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Darkroom

A charming chiaroscuro of bright artisanal objects and monochrome modernism.

August 15 2010
Mark C O’Flaherty

Lulu Roper-Caldbeck and Rhonda Drakeford’s sleek, noir-accented London interiors and accessories store Darkroom developed out of their own line of African-influenced rugs and cushions. “We’d been quite successful, selling to Liberty and getting a lot of press,” says Drakeford. “First we looked at small shops around the East End, but then we found this central-London space that had been empty for two years. And with a space like this, we knew we couldn’t just stock our own products.”

With successful backgrounds in fashion development and design consultancy respectively, they’ve brought a sharp curatorial eye to their stock, from crocheted pouffes in New Zealand wool by Christien Meindertsma (from £495) to leather handbags by British label Fleet Ilya (from £525), made using saddlemaking techniques.

The shop is themed seasonally and this summer it’s “Into Africa”, which chimes perfectly with their own-brand products, including cushions (£45-£55) and bow ties (£35) crafted from Drakeford’s collection of African textiles; zebra- and leopard-print rugs (£350 printed; £1,500 in hand-tufted wool) and modernist-inspired hand mirrors (£75) with wrapped handles.

The crossover of vintage, largely monochrome modernism and vibrant, traditional African style is at the heart of Darkroom’s look. On the rear wall is a selection of limited-edition prints (£300) that Drakeford produced based on the imagery of the South African Ndebele tribe. Bold, graphic and colourful, they could have been plucked straight from the walls of a 1920s Bauhaus apartment. Similarly, handmade ceramic cups and jugs by London-based Greek designer Solomia (£28-£195) have the sculptural essence of modernist pioneer Eileen Gray about them.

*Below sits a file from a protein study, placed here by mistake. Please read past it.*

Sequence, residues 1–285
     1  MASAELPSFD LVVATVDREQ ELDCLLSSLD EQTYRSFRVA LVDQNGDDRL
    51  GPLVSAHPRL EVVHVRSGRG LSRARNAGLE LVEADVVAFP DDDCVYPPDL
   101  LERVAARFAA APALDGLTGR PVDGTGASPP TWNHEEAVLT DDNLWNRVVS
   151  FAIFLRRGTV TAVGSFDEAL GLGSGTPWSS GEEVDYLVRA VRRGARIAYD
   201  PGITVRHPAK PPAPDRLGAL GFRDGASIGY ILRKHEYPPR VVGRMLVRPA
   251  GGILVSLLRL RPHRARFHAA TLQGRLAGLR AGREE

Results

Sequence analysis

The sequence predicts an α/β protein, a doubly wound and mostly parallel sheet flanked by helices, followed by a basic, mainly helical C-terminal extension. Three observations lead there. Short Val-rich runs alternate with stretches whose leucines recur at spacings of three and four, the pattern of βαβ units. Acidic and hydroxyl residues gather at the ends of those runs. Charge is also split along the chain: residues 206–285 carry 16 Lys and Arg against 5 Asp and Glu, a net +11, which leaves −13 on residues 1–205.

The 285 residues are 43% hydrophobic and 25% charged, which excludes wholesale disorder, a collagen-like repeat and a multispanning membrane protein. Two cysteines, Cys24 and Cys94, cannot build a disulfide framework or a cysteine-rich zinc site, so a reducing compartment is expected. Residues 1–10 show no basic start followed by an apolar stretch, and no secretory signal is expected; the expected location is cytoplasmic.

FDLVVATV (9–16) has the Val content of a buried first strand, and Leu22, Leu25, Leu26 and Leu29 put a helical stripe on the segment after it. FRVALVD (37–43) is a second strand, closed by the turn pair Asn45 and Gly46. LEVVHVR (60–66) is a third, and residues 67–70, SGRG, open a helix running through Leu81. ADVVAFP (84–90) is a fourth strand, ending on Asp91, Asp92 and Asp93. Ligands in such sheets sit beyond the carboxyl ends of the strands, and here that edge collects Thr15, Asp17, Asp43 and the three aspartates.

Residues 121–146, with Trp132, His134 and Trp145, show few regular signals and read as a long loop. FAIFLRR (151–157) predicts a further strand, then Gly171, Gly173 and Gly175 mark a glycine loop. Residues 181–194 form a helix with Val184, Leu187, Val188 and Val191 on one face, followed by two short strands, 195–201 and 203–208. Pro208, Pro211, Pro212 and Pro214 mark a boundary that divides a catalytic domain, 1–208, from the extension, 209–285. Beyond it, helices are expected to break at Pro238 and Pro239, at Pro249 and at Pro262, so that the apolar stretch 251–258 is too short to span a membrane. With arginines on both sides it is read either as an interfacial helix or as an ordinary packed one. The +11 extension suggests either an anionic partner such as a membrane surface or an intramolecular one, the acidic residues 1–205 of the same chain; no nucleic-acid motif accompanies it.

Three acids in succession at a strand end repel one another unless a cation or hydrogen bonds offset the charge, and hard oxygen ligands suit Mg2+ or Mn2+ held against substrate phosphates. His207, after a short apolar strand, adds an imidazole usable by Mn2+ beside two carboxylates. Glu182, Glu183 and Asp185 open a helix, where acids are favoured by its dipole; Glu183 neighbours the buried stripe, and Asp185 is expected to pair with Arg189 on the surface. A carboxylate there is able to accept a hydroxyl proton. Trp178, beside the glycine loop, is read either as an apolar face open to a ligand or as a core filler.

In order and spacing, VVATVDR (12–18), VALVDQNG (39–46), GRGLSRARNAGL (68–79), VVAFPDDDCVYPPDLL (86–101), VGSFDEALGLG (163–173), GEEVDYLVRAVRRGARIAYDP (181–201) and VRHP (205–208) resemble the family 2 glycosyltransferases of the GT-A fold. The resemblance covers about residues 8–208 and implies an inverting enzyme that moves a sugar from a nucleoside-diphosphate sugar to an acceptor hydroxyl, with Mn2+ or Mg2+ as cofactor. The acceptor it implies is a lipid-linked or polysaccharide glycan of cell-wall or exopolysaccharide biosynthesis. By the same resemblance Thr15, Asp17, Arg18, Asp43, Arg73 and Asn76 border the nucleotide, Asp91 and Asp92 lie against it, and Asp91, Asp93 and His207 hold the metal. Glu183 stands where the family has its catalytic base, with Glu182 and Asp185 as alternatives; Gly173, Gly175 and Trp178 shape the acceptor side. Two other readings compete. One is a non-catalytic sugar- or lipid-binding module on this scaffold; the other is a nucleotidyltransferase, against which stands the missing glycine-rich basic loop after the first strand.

Elsewhere, there are wild Masai-inspired necklaces (£120-£350) by Austrian designer Florian and hand-crocheted neoprene baskets (£29-£250) by Italian company Néo. “We were drawn to the oversized scale,” says Roper-Caldbeck. “It’s unexpected, using techniques from the garment industry that you wouldn’t associate with interiors. That’s quite a key part of what we do.”

Darkroom is certainly the most eye-catching shop on Lamb’s Conduit Street, a villagey stretch of central London unique for independent stores protected and promoted by its landlord, Rugby School. The exterior is, predictably, all black, with the store’s name writ large across the windows and upper façade in a distinctive and elegant typography. “It’s traditional but modern at the same,” says Drakeford. “We’ve built longevity into the look. In the same way, I think we’ve gone beyond being a ‘concept store’. I think we’re more of a small department store. We present things in a very new and unique way.”